He goes on further, to say (with minor edits): “Jesus’ command is a challenge not to settle for anything less than what the Father wants to give us and wants to do with our lives. …

Jesus is not content merely to add a bit of religion to a corner of our lives. He is committed to fully developing our character to be like His. In Christ, we embark on a lifetime transformation programme. Thankfully, our heavenly Father is graciously and patiently still working on us, to complete that task to His satisfaction.

Even if you see no results of your loving you still become more loving for having loved. There is nothing higher.”

We have the ability to be a light to the world, through the power of the Holy Spirit; that is, the ability to stand out as being different – a difference highlighted by our love for all peoples, both friends and enemies. This is the type of love that we see in these famous verses, John 3:16-17 (NIV): ‘For God so loved the world that he gave his one and only Son, that whoever believes in him shall not perish but have eternal life.  For God did not send his Son into the world to condemn the world, but to save the world through him.’

God loved us when we were His enemies, in open rebellion against His authority. This is the nature of His love, therefore – now – as His children we should strive to grow in Christian maturity, with His help; so that, we too – can love the world. Do you agree?

‘We will still love you’

To Follow Jesus

My notes on Every Day with Jesus, written by Selwyn Hughes; revised and updated by Mick Brooks, published by CWR.

March/April 2014 Issue – The Great Legacy’

Today’s text for reading and meditation is:

Matthew 5:38-48 (NIV): ‘‘You have heard that it was said, “Eye for eye, and tooth for tooth.” But I tell you, do not resist an evil person. If anyone slaps you on the right cheek, turn to them the other cheek also. And if anyone wants to sue you and take your shirt, hand over your coat as well. If anyone forces you to go one mile, go with them two miles. Give to the one who asks you, and do not turn away from the one who wants to borrow from you.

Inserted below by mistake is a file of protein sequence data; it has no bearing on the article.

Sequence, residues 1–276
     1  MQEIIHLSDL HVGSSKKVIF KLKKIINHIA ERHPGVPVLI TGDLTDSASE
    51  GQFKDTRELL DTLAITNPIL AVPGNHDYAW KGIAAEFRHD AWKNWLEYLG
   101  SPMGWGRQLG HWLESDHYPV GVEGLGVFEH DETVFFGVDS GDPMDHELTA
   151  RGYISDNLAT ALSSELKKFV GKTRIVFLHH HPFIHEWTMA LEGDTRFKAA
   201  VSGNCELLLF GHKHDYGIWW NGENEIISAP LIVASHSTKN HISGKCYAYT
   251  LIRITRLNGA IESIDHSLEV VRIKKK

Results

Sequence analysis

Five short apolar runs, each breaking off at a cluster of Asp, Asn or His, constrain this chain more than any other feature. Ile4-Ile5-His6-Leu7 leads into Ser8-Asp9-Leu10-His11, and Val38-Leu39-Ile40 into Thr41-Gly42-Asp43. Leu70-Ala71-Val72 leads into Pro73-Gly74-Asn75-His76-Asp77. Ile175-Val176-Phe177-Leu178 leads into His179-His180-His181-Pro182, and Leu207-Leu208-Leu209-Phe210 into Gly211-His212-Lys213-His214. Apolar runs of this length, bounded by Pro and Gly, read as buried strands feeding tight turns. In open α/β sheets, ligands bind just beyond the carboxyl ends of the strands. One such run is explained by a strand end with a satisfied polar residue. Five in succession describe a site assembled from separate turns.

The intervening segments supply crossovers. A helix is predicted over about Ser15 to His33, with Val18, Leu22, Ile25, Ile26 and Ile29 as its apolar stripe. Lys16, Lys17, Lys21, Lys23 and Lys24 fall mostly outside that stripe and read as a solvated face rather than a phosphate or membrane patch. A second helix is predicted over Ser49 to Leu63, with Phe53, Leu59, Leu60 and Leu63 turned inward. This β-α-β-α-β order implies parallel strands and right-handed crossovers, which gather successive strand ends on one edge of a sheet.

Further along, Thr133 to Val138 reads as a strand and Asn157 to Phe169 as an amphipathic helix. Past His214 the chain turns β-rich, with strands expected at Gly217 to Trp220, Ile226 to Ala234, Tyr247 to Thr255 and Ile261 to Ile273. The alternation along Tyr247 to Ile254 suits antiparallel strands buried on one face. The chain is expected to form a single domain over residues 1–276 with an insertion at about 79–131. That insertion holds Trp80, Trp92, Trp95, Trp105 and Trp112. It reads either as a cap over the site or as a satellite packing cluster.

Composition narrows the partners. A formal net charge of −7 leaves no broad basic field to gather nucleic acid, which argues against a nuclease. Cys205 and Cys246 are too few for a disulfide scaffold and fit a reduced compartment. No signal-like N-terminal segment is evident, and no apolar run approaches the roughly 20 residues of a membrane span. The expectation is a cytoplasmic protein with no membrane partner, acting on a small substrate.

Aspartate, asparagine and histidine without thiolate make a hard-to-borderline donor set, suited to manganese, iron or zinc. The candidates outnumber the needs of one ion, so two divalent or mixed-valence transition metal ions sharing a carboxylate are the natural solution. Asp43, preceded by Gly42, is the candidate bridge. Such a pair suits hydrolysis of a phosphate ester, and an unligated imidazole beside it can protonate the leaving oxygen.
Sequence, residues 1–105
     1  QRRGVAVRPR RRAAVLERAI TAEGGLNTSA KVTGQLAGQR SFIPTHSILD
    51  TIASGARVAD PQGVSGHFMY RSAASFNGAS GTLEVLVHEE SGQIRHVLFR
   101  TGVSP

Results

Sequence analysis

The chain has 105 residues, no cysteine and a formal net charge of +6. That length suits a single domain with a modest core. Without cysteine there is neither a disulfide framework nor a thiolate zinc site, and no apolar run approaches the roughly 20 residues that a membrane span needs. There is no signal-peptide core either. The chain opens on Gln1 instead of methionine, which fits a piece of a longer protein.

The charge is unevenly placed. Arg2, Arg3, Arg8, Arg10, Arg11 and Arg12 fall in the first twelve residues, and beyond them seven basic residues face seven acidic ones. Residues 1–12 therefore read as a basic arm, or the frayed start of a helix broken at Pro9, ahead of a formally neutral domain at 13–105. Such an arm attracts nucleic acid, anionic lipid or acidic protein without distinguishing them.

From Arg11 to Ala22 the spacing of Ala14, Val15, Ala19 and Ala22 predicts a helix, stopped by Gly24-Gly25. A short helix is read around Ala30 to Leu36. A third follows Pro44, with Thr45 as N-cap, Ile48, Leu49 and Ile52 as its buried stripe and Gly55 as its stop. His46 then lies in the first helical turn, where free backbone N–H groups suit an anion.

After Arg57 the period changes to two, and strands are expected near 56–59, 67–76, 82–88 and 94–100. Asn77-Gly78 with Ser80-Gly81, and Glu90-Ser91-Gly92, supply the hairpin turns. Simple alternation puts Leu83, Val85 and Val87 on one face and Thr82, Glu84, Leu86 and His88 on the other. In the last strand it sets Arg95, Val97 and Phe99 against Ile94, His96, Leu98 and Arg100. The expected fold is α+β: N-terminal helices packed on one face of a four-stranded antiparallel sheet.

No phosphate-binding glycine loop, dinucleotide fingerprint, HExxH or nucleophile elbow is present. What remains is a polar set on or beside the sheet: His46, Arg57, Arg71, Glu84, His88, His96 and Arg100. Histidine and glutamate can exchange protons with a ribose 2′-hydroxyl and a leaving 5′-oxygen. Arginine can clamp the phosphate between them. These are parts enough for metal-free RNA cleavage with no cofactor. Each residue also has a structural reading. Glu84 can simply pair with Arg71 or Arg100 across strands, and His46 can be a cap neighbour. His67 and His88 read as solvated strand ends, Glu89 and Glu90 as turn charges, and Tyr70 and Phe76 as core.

‘You have heard that it was said, “Love your neighbour and hate your enemy.” But I tell you, love your enemies and pray for those who persecute you, that you may be children of your Father in heaven. He causes his sun to rise on the evil and the good, and sends rain on the righteous and the unrighteous.
If you love those who love you, what reward will you get? Are not even the tax collectors doing that? And if you greet only your own people, what are you doing more than others? Do not even pagans do that? Be perfect, therefore, as your heavenly Father is perfect.”

Selwyn presents the meaning of these verses to us, as follows: ‘By our reaction to all such people (all those who aim to harm, or to take advantage of us), we show that our love is not a medium of exchange – we do not expect to get back what we give. Rather, we risk a loving gesture and action, trusting to get our reward from God alone.’

I think the challenge for us is to be perfect as our heavenly Father is perfect, of course, we never reach His level of perfection but our goal is to try (constantly) to reach the highest level of love possible for us, with the help of His Spirit. (Selwyn talks more about this in tomorrow’s study.)

Many would agree that love for our enemies is not a natural tendency for the human heart; we need to be reborn with a different heart, one that is more aligned to the nature of Christ – only then, is it possible to demonstrate such love.

To forgive our enemies for what they have done to us, is the first step. Sadly, many don’t even attempt this essential step, towards God’s perfect and steadfast love.

Any comments?

‘I am the one Jesus loves’

I think Selwyn’s conclusion, is great: “We must get it into our hearts that there is nothing we can do to make God love us more. No amount of spiritual discipline, attendance of seminars, study of the Bible, can make God love us more than He already does.

God loves us as much as it is possible for an infinite God to love. That’s where our identity must be found – in being loved.”

Earlier in his study, Selwyn draws our attention to the way the apostle John refers to himself, in his gospel (John 20:2): “So she came running to Simon Peter and the other disciple, the one Jesus loved … “.

It’s not only John, who can say these words – but everyone who follows Jesus; we all share this same characteristic – we are loved by God. Now, pause and think about this truth for awhile – the same God, who made the heavens and the earth – who made the laws which control our universe – who knows when a sparrow falls to the ground. Our Almighty God – who is creator of all things seen and unseen – then does something totally amazing – He perfectly loves us – His love for us cannot be improved.

Doesn’t that thought, surge with great joy through your heart so that you cry out; words of praise for our one, true God?

I can still remember the words that God spoke to me in March 1991, with overwhelming awe and wonder that has never diminished – words that continue to sing to my soul, every day of my life; and, those who have read ‘My Journey’ page – know those words to be: “I am, your God, who loves you.”

I know Jesus loves me. I also know that He loves all those, who follow Him. Our Father loves all His children.

‘All we like sheep … ‘

Selwyn starts by writing: “We focus now on the next phrase in David’s Psalm 23: ‘He guides me in paths of righteousness for His name’s sake.’